Pat Shingleton: "Thermals and Surfing..."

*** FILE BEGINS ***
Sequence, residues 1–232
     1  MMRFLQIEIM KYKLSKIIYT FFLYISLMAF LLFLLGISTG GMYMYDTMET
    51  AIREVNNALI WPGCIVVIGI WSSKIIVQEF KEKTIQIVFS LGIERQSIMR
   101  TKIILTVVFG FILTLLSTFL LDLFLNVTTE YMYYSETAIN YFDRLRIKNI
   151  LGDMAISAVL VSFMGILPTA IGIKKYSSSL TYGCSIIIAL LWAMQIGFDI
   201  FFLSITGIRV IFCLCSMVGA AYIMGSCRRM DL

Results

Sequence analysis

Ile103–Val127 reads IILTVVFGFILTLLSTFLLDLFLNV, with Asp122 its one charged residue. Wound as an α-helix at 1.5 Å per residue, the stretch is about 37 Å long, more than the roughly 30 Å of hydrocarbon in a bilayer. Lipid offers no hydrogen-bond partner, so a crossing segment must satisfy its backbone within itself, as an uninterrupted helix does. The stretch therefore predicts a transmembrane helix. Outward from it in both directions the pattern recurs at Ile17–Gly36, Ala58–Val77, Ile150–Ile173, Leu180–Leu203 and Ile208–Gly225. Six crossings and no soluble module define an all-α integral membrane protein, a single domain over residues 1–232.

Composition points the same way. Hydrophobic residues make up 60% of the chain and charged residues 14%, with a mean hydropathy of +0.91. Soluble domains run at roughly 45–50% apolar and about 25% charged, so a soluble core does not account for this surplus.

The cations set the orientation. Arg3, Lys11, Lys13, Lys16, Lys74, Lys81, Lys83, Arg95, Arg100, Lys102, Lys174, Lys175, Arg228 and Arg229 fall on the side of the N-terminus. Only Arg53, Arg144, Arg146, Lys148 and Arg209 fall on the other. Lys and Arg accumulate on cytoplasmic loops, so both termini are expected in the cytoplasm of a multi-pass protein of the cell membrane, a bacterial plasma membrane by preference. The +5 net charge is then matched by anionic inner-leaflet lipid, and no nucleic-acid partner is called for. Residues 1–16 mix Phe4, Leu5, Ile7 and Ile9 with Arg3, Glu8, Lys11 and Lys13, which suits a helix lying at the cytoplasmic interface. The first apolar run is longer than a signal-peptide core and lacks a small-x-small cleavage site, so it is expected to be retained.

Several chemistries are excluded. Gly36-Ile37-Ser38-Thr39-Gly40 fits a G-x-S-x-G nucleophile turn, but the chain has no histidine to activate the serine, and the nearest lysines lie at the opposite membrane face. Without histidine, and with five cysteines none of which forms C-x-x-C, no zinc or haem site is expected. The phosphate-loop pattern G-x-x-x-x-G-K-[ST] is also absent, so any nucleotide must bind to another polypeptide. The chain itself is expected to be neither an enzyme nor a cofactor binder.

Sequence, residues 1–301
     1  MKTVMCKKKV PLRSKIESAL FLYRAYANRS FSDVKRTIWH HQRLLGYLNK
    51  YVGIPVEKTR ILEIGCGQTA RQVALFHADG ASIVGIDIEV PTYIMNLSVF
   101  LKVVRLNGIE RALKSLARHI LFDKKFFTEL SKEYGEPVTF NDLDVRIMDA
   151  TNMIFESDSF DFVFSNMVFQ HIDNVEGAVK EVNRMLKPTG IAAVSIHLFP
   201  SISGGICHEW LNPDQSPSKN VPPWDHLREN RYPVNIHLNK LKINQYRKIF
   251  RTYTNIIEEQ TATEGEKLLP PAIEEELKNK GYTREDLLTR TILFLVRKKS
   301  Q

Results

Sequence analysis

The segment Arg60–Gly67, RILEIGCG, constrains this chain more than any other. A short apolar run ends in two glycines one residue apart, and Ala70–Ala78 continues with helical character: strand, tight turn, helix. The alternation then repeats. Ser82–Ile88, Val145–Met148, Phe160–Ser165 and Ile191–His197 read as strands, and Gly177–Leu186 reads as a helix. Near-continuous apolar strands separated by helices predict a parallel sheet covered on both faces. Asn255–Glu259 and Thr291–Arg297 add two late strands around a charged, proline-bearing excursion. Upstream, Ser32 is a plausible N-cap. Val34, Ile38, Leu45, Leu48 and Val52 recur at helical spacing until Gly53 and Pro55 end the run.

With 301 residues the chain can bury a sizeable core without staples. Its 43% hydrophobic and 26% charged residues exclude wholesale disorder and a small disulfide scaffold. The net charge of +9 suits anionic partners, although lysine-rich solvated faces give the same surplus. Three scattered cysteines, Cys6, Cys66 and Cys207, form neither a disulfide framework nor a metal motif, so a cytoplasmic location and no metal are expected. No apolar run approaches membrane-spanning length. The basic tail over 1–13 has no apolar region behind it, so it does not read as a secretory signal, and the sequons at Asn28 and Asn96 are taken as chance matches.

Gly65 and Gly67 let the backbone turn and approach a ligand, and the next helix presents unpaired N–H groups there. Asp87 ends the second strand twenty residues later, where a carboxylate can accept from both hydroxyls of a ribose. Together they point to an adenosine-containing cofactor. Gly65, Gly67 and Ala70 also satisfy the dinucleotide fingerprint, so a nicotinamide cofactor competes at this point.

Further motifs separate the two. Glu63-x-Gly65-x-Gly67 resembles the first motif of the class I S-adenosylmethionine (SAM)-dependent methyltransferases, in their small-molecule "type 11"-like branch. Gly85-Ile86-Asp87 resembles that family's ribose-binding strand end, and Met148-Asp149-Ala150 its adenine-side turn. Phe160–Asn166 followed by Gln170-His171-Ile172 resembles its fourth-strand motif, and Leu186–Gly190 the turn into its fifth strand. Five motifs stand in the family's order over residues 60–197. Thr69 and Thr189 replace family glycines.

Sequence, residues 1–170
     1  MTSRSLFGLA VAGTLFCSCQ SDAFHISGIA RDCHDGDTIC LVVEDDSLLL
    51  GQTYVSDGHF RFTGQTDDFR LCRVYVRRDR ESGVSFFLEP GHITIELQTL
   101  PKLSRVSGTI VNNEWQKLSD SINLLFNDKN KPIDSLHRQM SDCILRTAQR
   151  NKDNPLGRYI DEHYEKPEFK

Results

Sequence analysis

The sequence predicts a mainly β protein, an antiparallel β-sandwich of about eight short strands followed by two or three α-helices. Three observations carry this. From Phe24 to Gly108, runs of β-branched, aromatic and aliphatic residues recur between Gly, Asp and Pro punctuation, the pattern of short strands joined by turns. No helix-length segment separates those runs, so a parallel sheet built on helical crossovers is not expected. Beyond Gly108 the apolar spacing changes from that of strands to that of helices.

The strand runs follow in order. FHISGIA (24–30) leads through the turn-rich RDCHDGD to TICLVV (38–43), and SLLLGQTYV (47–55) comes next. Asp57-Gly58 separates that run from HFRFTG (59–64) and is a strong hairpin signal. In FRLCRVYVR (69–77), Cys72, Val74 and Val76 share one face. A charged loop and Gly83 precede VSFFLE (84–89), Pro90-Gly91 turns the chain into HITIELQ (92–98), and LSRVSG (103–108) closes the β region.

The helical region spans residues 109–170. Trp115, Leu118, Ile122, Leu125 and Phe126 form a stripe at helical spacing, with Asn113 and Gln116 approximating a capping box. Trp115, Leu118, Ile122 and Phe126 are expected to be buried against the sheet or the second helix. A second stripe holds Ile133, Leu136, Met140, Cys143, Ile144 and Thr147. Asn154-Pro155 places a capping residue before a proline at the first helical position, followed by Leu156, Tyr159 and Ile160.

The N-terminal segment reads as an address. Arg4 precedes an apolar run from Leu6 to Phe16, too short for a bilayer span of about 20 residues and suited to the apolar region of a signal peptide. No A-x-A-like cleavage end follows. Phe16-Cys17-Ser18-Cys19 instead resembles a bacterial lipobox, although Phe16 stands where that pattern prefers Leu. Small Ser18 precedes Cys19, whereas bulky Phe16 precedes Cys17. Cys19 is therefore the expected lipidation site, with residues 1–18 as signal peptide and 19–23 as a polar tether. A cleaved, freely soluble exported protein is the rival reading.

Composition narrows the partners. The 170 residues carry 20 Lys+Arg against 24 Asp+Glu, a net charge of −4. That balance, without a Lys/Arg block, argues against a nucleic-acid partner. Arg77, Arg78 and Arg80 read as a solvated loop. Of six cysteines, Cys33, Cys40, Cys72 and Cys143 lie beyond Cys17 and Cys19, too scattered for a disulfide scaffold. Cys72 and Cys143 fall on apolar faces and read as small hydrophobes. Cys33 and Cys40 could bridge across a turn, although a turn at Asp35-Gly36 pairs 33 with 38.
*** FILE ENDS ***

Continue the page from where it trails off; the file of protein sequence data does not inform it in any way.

"Thermals" are sections of air, heated by the sun, that ride from the ground to heights of 40,000 feet. Once a glider pilot locks into a thermal they call it "soaring." They may also interact with a "wave" which is common in the western states. This rare phenomenon occurs when a layer of compressed air slides over the Sierras, and bumps across the Mojave desert. This is about the only place in the United States where these waves occur and provides glider pilots with a real treat. In 1986 the world record for glider altitude was captured near California City at a height of 49,000 feet. The Federal Aviation Administration has placed a cap on glider heights at 18,000 feet, unless there is special permission from the FAA. Even though the principles are the same, folks were flying gliders before the Wright Brothers and in the United States there are 39,000 hooks sail planers with glider ratings. Finally, five days into Hurricane Season 2018 and a "rewind" to the effects of Tropical Storm Allison that caused $5 billion in damage and became a real treat for surfers on the Texas coast. Allison's landfall created extraordinary large and well-shaped waves along the upper and middle Texas coast. Winds offshore spun along the coast and met a strong swell radiating east across the open gulf. A continual north-northwest wind flattened the storm's tidal surge blowing straight into the approaching waves. This wind sculpted waves that resembled waves with Pacific coast quality. During the morning of June 5, 2001, Buoy Station 42035, located 22 miles east of Galveston recorded six-foot seas. At 2:00 P.M. the same station reported 12-foot seas. The best surf in several years occurred that afternoon inside the Freeport Ship Channel jetties, 60 miles south of Houston. As word got out, the outbound lanes of Texas Highway 288 were packed with inbound surfers.
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